(Click on the photo for a larger image.)
Morristown’s White Ibis continues at Speedwell Lake as of November 1. This Ibis is approaching historic status. According to the eBird database, the only November records for White Ibis in November in the northeast, north of the Delmarva Peninsula are records from 2012 in Rhode Island and Cape May, 2011 in Pennsylvania, 2015 in Burlington County and 1979 in Connecticut. Further west are records from western New York in 1990 and northeastern Ohio in 2011.
The NJ Bird Record Committee began reviewing White Ibis records in 1996 and includes the 2012 Cape May sighting. There are no records of White Ibis later than October prior to 1996, actually prior to 2012. The history of this White Ibis can be followed on these posts:
Red-throated Loon, Great Cormorant, Bonaparte’s Gulls at Boonton Reservoir
An unusual Red-throated Loon was observed at the north end of Boonton Reservoir this afternoon by Rob Fanning and yours truly. It is unusual as it has a darker than expected neck as if vestiges of alternate plumage remain. The only photos obtainable are useless due to the distance and poor light.
Also at the northern end, a Great Cormorant was on the western shore before flying to the eastern shore. Morris County seems to get a quota of one Great Cormorant every fall. Once again, poor light makes for a mediocre photo.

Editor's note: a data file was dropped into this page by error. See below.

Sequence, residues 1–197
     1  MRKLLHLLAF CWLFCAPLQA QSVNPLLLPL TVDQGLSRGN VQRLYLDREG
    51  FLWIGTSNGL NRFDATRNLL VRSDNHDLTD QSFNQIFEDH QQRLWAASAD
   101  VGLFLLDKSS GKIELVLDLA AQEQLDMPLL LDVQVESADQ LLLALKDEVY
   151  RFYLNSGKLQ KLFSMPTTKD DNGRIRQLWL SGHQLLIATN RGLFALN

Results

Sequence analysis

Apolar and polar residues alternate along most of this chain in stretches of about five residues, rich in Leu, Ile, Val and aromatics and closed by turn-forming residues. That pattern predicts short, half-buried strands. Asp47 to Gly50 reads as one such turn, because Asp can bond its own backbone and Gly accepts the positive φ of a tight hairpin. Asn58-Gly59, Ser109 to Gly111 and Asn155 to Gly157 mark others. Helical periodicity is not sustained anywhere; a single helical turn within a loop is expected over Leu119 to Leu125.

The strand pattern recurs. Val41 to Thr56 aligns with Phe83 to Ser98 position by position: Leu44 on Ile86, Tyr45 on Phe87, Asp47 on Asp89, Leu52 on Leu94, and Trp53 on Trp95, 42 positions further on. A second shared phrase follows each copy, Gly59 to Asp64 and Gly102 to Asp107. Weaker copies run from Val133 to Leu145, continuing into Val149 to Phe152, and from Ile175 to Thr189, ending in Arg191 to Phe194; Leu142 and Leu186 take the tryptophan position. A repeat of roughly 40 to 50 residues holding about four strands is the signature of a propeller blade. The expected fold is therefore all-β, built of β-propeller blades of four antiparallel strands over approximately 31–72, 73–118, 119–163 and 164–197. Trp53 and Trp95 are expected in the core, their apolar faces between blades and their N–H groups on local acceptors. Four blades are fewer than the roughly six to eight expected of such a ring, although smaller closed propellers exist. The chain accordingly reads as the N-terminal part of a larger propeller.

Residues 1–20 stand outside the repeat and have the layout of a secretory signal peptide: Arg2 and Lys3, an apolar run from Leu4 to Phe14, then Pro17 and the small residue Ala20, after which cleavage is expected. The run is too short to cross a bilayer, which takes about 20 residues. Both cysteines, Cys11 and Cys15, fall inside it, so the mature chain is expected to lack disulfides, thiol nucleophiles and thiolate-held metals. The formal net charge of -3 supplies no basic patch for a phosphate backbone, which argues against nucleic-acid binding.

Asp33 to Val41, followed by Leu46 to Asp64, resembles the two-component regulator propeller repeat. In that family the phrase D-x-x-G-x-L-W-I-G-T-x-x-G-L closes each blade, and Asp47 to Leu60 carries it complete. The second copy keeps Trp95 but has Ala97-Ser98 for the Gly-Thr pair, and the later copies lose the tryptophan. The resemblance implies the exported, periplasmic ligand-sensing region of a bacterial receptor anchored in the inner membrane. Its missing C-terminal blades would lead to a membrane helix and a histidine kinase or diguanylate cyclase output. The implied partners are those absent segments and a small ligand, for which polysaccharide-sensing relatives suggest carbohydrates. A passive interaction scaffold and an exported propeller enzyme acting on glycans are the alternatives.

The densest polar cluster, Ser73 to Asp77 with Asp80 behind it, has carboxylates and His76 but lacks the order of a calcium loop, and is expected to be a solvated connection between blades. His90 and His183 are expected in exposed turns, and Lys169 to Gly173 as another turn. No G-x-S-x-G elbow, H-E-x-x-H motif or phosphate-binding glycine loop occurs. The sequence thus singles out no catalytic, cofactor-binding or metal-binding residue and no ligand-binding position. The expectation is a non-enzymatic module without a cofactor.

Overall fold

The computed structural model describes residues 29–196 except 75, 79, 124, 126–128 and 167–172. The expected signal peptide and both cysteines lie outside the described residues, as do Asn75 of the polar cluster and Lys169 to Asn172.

At least two Bonaparte’s Gulls were at the south end of the reservoir this afternoon.
As many as five Bonaparte’s Gulls were at Lake Musconetcong this afternoon (Alan Boyd). At least some of these were present on October 31 as well.
American Pipits have occasionally visited Florham Park Fields in recent weeks. Chuck Hantis captured the following images late in the day on October 30.
View local eBird checklists in the mocosocoBirds region via eBird’s Region Explorer. Use the following links:
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@mocosocoBirds at Twitter is another communications stream. Instant field reports and links of interest are tweeted throughout the day. The latest tweets appear on the sidebar of this page. One can follow mocosocoBirds at Twitter or link to @mocosocoBirds.